Day 16. RESILIENCE

I wish there were a neat way to end this. I wish I could say ‘and then it got better’ or ‘and then it all went away’ or ‘and then she lived happily ever after’. But it’s not like that. It goes on. It eases at times but then, just when you least expect it, there it is again, taking over your life, telling you what you can and cannot do, reminding you of your fragility, your vulnerability, your helplessness. There are still often days when I cannot accept what has happened to me. When it is plainly too much to take in, when it is quite simply impossible to believe. More often than not, I try to push away the knowledge of rape. I try to distance myself from the heartbreak and distress of my own, and all, sexual assault. I don’t want to acknowledge that I live in a world where 1 in 5 women will be the victim of rape. But I no longer have any choice. The horror and terror of sexual violence are now my intimate partner. I will go through life hand-in-hand with this knowledge and all that it means.

Each of the impacts lies permanently coiled within me. Their potential to stir at any time and strike out at me, sinking their fangs into my flesh and reinjecting their poison into my bloodstream, well, it’s never far from my mind. From one day to the next, sometimes from one minute to the next, I can experience them all, rushing one upon the heels of another, grief morphing into anger or shock merging into shame or terror transforming into disgust. I never know what’s around the corner, what may be laying in wait for me, and, even though I’ve been through it so many times before, I can never be prepared for it. The knowledge of rape always comes as a shock. Each time I am confronted by the facts of what happened to me, by the memory of what happened to me or merely by the vaguest awareness of what happened to me, I am stupefied and horrified anew.

Some days I cannot stop crying. Some nights I cannot close my eyes, half for fear of what may happen to me should I dare to fall asleep and half for fear of what will be lurking in my dreams. Sometimes I cannot seem to steady my breath, it just won’t flow smoothly in and out of my lungs like it’s supposed to. Some days I cannot sit still, restlessness and anxiety overtake me and turn every moment into an impatient, urgent search for something to distract me. Some days I cannot seem to recall anything, my mind just won’t cooperate, won’t switch into gear so I roll around on neutral, dazed and bewildered. Some days I don’t want to talk, at all, about anything. Even simple, monosyllabic responses feel like too much to ask. Then I have days when the only thing I want is to talk about rape, to rant and rave and vent and blurt it all out to an empathetic listener. It is by no means a logical, linear progression through a process of recovery. There is no gradual, or sudden, transition from one phase to the next. Things do not improve, they do not get easier. Shock the first time and shock the hundredth time is still shock. It is still traumatic, it is still violent and aggressive, it is still deeply distressing and disturbing.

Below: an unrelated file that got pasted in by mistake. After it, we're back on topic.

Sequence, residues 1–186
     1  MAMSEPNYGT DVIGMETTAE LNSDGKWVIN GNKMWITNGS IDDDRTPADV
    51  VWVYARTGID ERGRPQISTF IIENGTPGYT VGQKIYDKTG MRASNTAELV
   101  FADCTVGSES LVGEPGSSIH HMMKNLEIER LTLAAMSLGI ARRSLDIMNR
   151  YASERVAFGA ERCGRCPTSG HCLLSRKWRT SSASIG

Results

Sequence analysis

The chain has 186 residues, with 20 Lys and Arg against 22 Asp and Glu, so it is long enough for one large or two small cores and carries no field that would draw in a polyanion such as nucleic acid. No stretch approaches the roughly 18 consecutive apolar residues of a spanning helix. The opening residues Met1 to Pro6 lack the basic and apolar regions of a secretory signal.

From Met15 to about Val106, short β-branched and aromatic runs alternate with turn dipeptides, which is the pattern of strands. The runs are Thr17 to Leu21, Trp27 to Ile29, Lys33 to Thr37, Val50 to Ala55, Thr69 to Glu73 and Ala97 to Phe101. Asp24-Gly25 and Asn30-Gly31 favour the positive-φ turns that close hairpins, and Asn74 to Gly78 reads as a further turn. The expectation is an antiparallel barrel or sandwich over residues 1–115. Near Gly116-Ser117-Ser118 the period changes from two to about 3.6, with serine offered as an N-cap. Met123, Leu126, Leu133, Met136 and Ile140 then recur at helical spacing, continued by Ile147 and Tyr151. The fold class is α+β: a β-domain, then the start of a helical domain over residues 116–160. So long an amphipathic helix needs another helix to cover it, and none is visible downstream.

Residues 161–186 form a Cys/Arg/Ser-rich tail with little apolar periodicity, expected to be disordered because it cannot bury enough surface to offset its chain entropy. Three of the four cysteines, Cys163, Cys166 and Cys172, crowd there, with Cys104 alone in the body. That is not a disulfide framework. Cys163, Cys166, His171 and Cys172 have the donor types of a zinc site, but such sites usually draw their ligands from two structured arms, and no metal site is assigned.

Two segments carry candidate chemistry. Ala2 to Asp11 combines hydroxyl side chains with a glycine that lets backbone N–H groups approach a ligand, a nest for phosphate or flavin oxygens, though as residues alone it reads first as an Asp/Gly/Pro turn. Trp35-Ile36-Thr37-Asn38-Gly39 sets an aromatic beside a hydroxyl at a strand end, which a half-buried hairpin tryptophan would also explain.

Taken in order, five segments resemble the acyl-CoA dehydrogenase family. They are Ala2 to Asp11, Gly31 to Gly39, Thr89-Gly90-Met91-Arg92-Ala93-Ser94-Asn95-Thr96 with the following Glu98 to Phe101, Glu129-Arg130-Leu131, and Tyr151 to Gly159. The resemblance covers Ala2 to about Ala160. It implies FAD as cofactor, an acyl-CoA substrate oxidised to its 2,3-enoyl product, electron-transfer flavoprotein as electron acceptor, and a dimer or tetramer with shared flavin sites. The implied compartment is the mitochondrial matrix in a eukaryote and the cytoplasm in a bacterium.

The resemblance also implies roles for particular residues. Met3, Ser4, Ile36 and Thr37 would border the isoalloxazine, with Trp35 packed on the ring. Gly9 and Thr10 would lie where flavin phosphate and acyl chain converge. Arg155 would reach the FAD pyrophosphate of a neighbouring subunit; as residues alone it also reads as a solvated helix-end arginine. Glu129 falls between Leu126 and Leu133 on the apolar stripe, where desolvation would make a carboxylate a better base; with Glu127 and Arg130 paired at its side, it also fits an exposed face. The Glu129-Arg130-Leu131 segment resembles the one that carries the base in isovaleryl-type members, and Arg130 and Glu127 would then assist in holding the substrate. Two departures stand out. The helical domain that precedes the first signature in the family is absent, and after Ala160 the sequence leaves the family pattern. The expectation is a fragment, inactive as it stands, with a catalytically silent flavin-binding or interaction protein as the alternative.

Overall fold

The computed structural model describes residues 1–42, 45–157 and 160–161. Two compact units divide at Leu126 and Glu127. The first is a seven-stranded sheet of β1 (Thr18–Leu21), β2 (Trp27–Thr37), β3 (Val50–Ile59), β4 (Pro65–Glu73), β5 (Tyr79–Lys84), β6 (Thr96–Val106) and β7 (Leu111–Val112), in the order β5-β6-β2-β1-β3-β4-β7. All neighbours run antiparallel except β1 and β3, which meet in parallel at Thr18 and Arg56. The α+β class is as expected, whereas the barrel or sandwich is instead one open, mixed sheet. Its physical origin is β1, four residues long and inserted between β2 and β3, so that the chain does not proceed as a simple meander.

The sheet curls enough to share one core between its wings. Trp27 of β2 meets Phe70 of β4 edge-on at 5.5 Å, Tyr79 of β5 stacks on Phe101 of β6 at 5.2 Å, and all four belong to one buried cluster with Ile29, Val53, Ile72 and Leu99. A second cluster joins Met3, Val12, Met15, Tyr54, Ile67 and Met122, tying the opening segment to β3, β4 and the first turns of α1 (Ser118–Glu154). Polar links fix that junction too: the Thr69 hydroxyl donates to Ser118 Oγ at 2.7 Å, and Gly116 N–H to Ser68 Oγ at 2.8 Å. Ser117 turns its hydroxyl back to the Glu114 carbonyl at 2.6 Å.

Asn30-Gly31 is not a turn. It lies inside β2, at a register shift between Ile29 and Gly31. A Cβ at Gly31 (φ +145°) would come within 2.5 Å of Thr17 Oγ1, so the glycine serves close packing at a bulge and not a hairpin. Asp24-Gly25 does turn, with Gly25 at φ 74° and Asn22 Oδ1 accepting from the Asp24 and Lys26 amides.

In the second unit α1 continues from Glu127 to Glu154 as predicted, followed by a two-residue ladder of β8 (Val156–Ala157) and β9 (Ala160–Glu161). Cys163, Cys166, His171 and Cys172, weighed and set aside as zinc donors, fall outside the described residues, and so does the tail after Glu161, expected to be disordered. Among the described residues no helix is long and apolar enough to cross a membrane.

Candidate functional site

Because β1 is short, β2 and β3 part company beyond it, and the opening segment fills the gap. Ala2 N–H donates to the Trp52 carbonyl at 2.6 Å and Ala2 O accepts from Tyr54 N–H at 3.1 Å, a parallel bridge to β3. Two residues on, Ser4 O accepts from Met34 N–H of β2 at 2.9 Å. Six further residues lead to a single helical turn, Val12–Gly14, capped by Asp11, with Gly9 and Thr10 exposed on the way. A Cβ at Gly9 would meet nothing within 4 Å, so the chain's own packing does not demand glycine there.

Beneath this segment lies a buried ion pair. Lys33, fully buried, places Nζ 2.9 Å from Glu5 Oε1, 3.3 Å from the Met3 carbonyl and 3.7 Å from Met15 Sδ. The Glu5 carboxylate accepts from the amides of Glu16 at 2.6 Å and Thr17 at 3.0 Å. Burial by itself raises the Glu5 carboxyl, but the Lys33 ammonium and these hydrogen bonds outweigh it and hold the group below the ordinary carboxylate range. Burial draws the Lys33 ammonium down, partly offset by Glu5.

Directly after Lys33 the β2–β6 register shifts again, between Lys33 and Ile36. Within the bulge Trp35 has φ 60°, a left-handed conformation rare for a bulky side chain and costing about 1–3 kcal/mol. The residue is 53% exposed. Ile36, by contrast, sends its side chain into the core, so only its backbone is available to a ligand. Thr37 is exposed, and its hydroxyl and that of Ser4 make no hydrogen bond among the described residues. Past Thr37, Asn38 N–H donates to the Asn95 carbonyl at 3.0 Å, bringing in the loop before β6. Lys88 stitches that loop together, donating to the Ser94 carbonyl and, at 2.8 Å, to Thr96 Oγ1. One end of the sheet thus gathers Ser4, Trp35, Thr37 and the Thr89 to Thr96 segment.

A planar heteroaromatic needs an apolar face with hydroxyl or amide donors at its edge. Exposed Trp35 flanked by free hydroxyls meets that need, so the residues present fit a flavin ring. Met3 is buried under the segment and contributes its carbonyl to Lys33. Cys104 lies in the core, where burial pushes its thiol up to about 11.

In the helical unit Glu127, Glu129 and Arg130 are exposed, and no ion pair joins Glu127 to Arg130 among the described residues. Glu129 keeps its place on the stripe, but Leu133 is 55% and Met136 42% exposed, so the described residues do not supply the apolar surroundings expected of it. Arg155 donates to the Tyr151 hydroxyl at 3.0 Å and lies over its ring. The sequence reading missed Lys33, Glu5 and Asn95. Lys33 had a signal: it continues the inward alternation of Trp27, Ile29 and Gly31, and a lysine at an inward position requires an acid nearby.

While it doesn’t get easier, you do become more adept at negotiating the impacts. You begin to develop a sensitivity to the signs that something is impending, you know how to soften the blow when it hits, you know how to position yourself so that, at least, you are as safe and secure as you can be when the consequences of rape take ahold of you again. You learn, slowly, how to take care of yourself, how to surround yourself with the elements you require to cope, how to structure your life so as to manage the impacts of rape as much as possible. You may be surprised to discover your own strength, your own tenacity, your own infallibility. I am often taken aback by my ability to withstand all that I have been put through, all that I am still being put through. I had no idea that such strength lay within me, that I would uncover such inexhaustible determination, perseverance and wilfulness as my own. While no one will say it, and we’ll never be awarded recognition for it, to be a survivor of sexual assault is to distinguish yourself as an exceptionally brave, resilient and determined human being. For no matter how much it hurts, no matter how much it costs, no matter how unjust it is – we are still here. Of that we should be proud.

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2 Responses to Day 16. RESILIENCE

  1. Mary says:

    Thank you for sharing. Every one of your entries speaks to me, I can relate to every word. It is reassuring to know that what I am feeling is normal. Being assaulted changed my life, it sent me into a complete tailspin. But I survived, and I am fighting my attackers in court. Which is so difficult… but I am proud. Proud that I survived, proud that I spoke up and very proud that I am not giving up. I am holding my attackers/harassers/retaliators responsible for what they have done. And if I can stop this from happening to one other woman because I spoke up (which is the most difficult thing I have ever had to do in my life) than it will be worth it.

  2. Noori says:

    I have felt every thing that you’ve described in these 16 different pieces, and all in cyclical fashions that never let up. I have asked those same questions. I have wondered if it is normal for me to still be in denial years later, to insist that it was a mistake, an “incident”; and then I have been so angry that I could barely contain myself from physically expressing what I felt to my attacker in public. It is a relief to see that I am not alone, as I thought. Thank you so much for writing this, and letting me see that it’s okay that I am not okay.

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